Webinar "Police Power and National Emergency"

It is organised by the 'Criminal Law Group' of the European Court of Human Rights, with the DSG, Liverpool John Moores University, the University of Zagreb and the 'Beyond Detention Interest Group'.

  • Date: 24 June 2021 from 16:00 to 18:00

  • Event location: ONLINE via the ZOOM platform

  • Access Details: Free admission subject to enrolment

The webinar is the fourth and the last in the series "Punishment, Detention, Crisis: Academic Judicial Dialogues"

Instructions on how to connect via Zoom will be sent before the start of the event.
For more information, please contact the organisers Dr Paolo Lobba and Dr Triestino Mariniello.



- Darian Pavli – Judge at the European Court of Human Rights


- Julie Alix – Professor of Criminal Law at the University of Lille

- Latif Huseynov – Judge at the European Court of Human Rights; former President of the European Committee for the Prevention of Torture (CPT)


- Manfred Nowak – Director of the Vienna M.A. in Human Rights; former UN Special Rapporteur on Torture



This event is the fourth in the webinar training series ‘Punishment, Detention, Crisis: Academic Judicial Dialogues’ (see below for further details and previous events).

The purpose of this seminar is to reflect on the impact of States’ counter-terrorism measures on the right to liberty. States of emergency pose the most significant challenges to the protection of fundamental rights and civil liberties. Crises are generally characterised by a strengthening of the executive to the detriment of judicial authority and parliamentary oversight.

As emergency-control policies generally translate into expanded police powers, deprivation of liberty emerges as a widespread counter-terrorism measure adopted across the board. In this context, preventive detention takes centre stage, paving the way for the arbitrary or excessive use of force by the security forces. These extraordinary measures affect in turn the protection of absolute and non-derogable rights like the prohibition of torture and ill-treatment.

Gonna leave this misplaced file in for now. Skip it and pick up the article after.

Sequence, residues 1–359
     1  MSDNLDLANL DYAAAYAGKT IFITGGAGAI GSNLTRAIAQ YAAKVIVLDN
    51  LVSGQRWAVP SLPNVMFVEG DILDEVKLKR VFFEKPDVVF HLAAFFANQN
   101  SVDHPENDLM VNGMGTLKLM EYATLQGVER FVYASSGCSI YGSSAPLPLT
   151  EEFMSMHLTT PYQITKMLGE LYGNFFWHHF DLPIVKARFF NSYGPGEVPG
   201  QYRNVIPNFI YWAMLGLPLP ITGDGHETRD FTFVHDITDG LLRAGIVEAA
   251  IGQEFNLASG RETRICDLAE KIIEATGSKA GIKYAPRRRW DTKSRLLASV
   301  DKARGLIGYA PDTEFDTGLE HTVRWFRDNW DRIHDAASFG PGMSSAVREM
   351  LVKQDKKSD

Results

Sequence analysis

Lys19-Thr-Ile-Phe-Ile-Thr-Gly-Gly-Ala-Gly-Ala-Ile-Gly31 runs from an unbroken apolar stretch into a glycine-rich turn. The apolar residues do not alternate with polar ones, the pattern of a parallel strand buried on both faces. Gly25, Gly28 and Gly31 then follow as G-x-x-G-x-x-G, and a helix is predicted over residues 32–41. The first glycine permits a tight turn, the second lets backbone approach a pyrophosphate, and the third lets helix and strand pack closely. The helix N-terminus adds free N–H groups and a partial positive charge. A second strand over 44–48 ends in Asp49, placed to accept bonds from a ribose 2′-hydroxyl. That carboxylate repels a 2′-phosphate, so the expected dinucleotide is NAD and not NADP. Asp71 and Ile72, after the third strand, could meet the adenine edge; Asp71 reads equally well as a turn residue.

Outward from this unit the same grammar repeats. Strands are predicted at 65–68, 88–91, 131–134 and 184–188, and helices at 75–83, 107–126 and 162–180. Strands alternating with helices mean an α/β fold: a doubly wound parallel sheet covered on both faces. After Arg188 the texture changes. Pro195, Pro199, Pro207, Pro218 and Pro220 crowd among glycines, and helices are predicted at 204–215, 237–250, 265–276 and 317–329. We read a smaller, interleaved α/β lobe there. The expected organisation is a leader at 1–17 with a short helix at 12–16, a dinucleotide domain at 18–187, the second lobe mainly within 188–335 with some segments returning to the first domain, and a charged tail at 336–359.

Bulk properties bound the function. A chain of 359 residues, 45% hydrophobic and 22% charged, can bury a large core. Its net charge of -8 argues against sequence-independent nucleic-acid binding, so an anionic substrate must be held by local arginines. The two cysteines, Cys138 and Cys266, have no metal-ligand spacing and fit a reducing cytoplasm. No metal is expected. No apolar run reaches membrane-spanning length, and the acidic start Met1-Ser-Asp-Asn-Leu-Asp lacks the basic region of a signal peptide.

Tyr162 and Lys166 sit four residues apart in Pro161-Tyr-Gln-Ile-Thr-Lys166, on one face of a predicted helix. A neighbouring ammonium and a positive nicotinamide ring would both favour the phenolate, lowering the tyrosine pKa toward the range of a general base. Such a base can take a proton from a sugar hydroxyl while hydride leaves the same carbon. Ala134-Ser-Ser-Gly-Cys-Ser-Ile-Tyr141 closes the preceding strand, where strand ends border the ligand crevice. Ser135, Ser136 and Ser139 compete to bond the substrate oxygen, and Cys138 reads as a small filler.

In the light of the Court’s case law, speakers will address, inter alia, the human rights standards applicable to police operations during times of emergency; the abuse of preventive detention as a counter-terrorism measure; the recent French Anti-terrorism Bill and the alleged risk of normalising the state of emergency; the scope of judicial review in relation to emergency measures, notably those concerning deprivation of liberty.

Relevant cases:

Austin and Others v. the United Kingdom [GC]

De Tommaso v. Italy [GC]

Terheş v. Romania

    Webinar Training Series – “Punishment, Detention, Crisis: Academic Judicial Dialogues”

    Previous Events

    The video recorded of all the events may be viewed here.


    The criminal law today is pushing its limits. Breaking through new frontiers, it extends beyond its traditional province, affecting increasingly more facets of individual liberty. As the criminal law flourishes in times of crisis, novel far-reaching provisions are incorporated into our legal systems. Emergency legislation has thus been normalised.

    In this context, various questions arise as to the nature, aims and scope of punishment and detention. What makes punishment ‘human’ or ‘just’? When does a restrictive measure qualify as deprivation of liberty? To what extent, if any, does a pandemic impose additional limits to the resort to detention? Which restraints must remain in place in time of emergency to rein in the broad discretionary powers vested in the police?

    This series of webinar offers a forum that brings together leading scholars, judges and practitioners to advance vibrant and constructive conversations between the Court and the academia on the tensions between deprivation of liberty and human rights standards. While the webinars are first of all training events for the Court’s staff, they warmly invite the active participation of the general public. The proposed audience includes scholars, students, and human rights law practitioners.

    Scientific Director: Judge Ksenija Turković

    Organizers: Paolo Lobba and Triestino Mariniello